Kuching folk generate 690,000kg of waste daily


Students learn about waste segregation.

KUCHING: The average Kuching resident throws out 800g of waste daily leading to a whopping 690,000kg of waste being generated in the city every day.

Trienekens (Sarawak) Sdn Bhd senior executive for business development Timothy Marimuthu said Kuching folk cared too little about how much waste they produce.

“There are three types of waste groups, namely municipal waste, scheduled waste, and clinical waste. All this waste has an impact on the environment.

“In Malaysia, 230,000 tonnes of waste is generated a day. In Kuching alone, 690,000kg of waste is generated a day,” he said during a talk themed ‘Waste & Our Generation’ on Thursday.

The talk was part of ‘The Empowerment Series’ jointly organised by Yayasan Perpaduan Sarawak, the Sarawak  Development Institute, and The Champions.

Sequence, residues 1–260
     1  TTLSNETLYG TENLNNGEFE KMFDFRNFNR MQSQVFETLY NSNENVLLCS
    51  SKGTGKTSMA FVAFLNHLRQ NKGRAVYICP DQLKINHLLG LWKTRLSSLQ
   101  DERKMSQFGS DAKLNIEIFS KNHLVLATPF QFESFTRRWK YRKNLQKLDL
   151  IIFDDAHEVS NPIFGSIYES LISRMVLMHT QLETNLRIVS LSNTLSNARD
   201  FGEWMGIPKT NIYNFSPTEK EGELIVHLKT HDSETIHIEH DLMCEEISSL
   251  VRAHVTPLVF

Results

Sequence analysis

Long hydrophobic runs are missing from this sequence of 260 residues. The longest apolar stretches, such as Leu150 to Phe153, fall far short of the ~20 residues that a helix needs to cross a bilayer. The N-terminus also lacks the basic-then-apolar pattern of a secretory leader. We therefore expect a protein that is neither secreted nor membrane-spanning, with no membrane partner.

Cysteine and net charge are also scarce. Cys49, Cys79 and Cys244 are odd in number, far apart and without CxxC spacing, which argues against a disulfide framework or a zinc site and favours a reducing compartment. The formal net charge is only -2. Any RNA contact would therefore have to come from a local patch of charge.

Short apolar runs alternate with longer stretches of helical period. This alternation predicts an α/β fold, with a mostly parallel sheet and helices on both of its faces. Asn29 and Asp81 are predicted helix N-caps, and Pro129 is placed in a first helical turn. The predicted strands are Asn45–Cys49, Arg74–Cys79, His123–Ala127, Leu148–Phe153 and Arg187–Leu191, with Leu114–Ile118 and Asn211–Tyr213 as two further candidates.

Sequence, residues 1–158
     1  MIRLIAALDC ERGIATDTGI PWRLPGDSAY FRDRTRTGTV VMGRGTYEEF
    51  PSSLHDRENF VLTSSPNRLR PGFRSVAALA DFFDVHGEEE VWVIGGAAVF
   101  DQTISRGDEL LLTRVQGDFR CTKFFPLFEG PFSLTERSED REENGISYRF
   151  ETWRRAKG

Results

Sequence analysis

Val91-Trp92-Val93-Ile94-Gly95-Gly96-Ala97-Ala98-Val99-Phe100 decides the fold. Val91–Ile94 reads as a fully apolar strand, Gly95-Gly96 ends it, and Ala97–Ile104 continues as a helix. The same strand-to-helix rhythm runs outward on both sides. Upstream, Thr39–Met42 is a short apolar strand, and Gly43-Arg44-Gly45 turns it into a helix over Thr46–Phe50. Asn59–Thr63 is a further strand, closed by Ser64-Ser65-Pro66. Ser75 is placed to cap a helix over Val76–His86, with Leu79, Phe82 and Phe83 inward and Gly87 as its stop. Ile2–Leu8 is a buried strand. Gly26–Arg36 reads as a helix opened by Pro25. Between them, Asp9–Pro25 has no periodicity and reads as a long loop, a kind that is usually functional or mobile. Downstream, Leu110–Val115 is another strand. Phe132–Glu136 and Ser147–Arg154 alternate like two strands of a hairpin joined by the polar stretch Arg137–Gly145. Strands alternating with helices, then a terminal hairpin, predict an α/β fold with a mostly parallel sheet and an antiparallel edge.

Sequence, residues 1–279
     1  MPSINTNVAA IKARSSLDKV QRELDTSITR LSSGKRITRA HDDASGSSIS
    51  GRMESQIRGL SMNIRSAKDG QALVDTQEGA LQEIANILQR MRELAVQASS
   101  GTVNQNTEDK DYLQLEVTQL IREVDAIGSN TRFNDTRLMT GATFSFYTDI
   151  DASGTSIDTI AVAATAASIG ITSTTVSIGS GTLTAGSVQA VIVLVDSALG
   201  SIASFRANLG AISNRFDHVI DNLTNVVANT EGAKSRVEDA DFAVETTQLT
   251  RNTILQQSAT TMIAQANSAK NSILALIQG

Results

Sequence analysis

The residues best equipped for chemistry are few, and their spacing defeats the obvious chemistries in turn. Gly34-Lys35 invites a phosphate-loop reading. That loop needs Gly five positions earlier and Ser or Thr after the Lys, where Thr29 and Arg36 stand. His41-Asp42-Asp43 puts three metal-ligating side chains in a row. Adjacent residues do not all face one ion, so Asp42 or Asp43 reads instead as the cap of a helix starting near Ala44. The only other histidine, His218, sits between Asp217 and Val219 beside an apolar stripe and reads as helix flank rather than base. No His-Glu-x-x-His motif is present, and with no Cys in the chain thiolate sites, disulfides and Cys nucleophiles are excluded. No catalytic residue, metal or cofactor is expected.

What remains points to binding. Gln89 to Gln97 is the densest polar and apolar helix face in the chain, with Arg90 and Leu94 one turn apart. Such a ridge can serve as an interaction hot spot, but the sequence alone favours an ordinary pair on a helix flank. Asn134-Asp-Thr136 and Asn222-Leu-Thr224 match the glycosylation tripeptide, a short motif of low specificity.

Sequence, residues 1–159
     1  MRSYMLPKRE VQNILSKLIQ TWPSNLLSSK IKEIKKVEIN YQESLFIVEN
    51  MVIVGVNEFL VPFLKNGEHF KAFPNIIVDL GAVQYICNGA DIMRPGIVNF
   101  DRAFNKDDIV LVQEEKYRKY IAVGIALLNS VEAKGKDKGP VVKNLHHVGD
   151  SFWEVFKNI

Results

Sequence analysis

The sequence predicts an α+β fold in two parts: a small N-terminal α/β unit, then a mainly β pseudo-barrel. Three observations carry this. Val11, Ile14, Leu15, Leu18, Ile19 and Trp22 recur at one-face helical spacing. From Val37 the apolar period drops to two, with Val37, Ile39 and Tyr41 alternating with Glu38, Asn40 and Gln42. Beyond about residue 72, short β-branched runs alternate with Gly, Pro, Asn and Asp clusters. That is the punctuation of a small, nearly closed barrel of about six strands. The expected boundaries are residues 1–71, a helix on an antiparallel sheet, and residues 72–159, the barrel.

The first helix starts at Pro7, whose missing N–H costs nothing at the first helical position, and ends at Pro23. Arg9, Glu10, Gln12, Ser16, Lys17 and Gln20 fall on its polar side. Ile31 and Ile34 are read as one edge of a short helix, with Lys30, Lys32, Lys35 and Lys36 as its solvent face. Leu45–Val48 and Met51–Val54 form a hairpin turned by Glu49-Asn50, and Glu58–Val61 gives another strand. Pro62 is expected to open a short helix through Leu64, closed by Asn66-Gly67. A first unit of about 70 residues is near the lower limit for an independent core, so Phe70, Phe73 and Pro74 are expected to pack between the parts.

Timothy pointed out that the sanitary landfill used by Trienekens may not last its projected 25 years.

“Some 125ha of land has been converted to manage waste and the landfill we have now is supposed to last 25 years. But at the rate that Kuching is going, we are going to have less than that. And once this landfill is filled, we cannot do anything but leave it as a park.

“You may walk in the park and say ‘Hey, this is nicer than the Friendship Park’ but you know what’s at the bottom,” he said.

According to Timothy, half of the 1,800 rivers in Malaysia are polluted or damaged by waste pollution.

He said 300,000 tonnes of waste, which was enough to fill 100 Olympic-sized swimming pools, is dumped into the country’s rivers annually.

In Kuching, he said Sungai Tabuan was a severely polluted river.

“Thanks to NREB (Natural Resources and Environment Board), Sungai Tabuan is much better now,” he said, while showing images of the rubbish-filled river.

Timothy called on Kuching folk to start reducing the waste they generated and to practise recycling.

He cautioned that if a person were to dump clinical waste into the river, it would be consumed by the fish, which would then be tainted when consumed by man.

Some 80 UCSI University students took part in the session that aimed to educate them on the reality and nature of waste.

Participants also learnt about waste segregation, a hands-on process where they were shown how to separate waste according to the different categories.